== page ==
It is a joyful time of year! The sun is shining, the flowers are blooming, the gardens are growing, school is ending, and summer is beginning. Joy, joy, and more joy!
At the May meeting of Pittsburgh Presbytery, we were examining a young woman who had just graduated from seminary and has been called to pastor a church. Our examination takes the form of asking questions of her statement of faith, so that the community can confirm her call. One of the lines caught my attention: “There were moments when Jesus experienced great joy and moments when he suffered strong feelings of loss.” We are all aware of the moments of his suffering, but I asked her to share one of those moments from the Bible where Jesus experienced great joy. She could not think of any, and neither could I. I invited us to keep thinking because the idea of a joyful Jesus was appealing. After I returned to my pew, I googled Jesus and joy. Two Bible verses came up:
At that same hour Jesus rejoiced in the Holy Spirit Jesus (Luke 10:21).
I have said these things to you so that my joy may be in you,
and that your joy may be complete (John 15:11).
Besides that, though, we don’t read much about Jesus’ joy. We read a lot about his suffering, as evidenced by his trial, condemnation, crucifixion, and death. It made me wonder if our joy is found not in a joyful Jesus, but in a suffering Jesus. I wonder if the source of our joy is, paradoxically, found in the suffering death and resurrection of Jesus. That seems to me to be a more profound, abiding joy. What this means to me is that even when we are not feeling happy or joyful, we can know that we are saved and sustained, named and claimed, loved and cherished, by Jesus, who sacrificed his joy and even his life. And that can give us a deep and abiding sense of joy.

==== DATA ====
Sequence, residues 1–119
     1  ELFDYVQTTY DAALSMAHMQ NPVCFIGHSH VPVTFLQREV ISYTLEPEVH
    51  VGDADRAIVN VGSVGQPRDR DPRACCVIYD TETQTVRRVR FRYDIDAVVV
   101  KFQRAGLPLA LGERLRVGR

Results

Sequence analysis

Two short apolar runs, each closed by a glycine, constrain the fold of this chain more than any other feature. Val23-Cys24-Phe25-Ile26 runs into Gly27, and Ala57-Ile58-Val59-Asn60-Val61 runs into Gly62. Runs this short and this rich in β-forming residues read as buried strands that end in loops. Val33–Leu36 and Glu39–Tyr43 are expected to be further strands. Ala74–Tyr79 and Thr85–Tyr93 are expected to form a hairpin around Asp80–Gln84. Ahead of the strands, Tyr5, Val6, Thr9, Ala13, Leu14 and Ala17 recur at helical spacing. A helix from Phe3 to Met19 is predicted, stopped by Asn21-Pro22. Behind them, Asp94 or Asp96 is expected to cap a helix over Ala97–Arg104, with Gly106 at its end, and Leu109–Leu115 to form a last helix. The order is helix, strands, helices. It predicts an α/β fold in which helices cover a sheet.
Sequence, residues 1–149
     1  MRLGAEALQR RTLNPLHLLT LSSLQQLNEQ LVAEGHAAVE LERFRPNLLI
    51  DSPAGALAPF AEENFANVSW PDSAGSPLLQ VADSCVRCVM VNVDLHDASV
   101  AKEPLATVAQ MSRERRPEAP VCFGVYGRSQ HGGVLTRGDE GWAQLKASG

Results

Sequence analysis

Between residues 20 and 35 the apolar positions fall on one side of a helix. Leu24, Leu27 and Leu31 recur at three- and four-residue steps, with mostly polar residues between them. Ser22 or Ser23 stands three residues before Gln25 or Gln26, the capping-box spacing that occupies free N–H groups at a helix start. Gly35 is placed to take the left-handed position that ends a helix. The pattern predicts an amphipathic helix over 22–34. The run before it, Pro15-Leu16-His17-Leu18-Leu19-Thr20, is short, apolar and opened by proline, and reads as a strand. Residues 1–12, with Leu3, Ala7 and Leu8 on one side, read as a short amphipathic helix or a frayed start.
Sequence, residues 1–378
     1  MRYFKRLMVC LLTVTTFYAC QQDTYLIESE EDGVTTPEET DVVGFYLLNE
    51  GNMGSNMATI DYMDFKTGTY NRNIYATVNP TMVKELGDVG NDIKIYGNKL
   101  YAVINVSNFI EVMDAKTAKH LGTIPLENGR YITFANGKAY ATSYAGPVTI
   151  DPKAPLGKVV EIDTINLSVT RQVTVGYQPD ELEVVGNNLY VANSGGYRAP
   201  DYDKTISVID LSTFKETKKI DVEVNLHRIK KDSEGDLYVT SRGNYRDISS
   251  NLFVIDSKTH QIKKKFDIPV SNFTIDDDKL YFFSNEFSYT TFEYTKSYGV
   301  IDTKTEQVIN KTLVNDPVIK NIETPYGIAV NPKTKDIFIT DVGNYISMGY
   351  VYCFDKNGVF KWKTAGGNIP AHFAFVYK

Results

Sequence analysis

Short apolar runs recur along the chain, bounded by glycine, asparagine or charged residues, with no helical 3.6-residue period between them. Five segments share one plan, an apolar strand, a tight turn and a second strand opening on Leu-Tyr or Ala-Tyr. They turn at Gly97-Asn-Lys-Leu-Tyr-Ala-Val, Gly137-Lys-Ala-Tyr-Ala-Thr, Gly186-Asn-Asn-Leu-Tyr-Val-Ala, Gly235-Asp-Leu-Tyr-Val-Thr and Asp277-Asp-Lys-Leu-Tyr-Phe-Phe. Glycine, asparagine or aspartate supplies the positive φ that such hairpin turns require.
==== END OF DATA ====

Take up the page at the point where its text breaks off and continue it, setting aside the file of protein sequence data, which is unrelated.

It makes me think of a joyful children’s song:
I’ve got the joy, joy, joy, joy down in my heart. Where? Down in my heart. Where? Down in my heart. I’ve got the joy, joy, joy, joy down in my heart. Down in my heart to stay.
And the song continues with the assurance that even when we don’t feel joy or understand our suffering, we can still sing:
I’ve got the peace that passes understanding down in my heart. Where? Down in my heart. Where? Down in my heart. I’ve got the peace that passes understanding down in my heart. Where? Down in my heart to stay.
June is a joyful time of year! But, even when it isn’t for you, know that ultimately our joy comes not from life, but from knowing that Jesus stretched out his arms and suffered death on a cross, and was raised from the dead, to show just how wide, how broad, and how deep is God’s love.
Hope you find joy this summer. Where? Down in your heart to stay!